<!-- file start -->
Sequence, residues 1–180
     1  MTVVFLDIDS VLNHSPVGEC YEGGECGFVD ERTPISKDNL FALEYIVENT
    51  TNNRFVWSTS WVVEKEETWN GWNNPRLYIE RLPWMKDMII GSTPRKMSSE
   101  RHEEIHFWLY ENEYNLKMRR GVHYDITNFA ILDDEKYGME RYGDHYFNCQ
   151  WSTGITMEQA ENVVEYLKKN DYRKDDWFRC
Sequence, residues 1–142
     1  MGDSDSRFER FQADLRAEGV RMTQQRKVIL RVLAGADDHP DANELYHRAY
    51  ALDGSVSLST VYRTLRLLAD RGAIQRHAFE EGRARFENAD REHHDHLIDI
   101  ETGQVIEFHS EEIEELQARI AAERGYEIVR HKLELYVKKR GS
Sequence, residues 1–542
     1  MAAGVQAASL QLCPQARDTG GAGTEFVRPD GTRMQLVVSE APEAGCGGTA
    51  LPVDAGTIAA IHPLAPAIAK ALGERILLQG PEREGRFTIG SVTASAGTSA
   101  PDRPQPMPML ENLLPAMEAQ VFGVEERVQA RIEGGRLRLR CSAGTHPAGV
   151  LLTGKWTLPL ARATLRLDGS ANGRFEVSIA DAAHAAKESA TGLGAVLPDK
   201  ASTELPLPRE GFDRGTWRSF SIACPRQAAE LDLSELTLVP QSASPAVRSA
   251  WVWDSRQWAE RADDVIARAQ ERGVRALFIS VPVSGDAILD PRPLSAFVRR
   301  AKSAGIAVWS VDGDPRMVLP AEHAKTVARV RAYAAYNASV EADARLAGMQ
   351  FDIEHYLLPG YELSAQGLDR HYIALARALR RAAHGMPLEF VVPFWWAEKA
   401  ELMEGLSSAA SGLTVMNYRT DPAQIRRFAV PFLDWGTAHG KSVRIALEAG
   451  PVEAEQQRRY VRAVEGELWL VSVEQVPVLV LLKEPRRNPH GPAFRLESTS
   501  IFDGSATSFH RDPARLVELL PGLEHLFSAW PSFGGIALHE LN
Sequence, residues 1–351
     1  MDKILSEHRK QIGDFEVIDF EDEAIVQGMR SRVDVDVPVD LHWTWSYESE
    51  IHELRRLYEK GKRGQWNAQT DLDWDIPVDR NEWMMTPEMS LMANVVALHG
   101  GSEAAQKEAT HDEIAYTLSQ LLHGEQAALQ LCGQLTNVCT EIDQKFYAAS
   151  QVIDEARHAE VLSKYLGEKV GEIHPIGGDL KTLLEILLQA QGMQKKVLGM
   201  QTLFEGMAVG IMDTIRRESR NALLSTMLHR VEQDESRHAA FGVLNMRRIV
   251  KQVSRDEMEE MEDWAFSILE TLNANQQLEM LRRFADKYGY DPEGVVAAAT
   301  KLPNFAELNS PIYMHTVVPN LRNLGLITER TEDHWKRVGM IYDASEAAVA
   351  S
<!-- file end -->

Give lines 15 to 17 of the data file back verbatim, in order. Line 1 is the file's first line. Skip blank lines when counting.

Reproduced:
   201  ASTELPLPRE GFDRGTWRSF SIACPRQAAE LDLSELTLVP QSASPAVRSA
   251  WVWDSRQWAE RADDVIARAQ ERGVRALFIS VPVSGDAILD PRPLSAFVRR
   301  AKSAGIAVWS VDGDPRMVLP AEHAKTVARV RAYAAYNASV EADARLAGMQ